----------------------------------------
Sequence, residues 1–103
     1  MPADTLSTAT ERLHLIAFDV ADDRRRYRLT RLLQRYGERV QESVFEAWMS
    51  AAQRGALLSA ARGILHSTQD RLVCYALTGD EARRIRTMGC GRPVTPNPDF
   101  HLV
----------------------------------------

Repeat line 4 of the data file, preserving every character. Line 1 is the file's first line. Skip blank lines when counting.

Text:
   101  HLV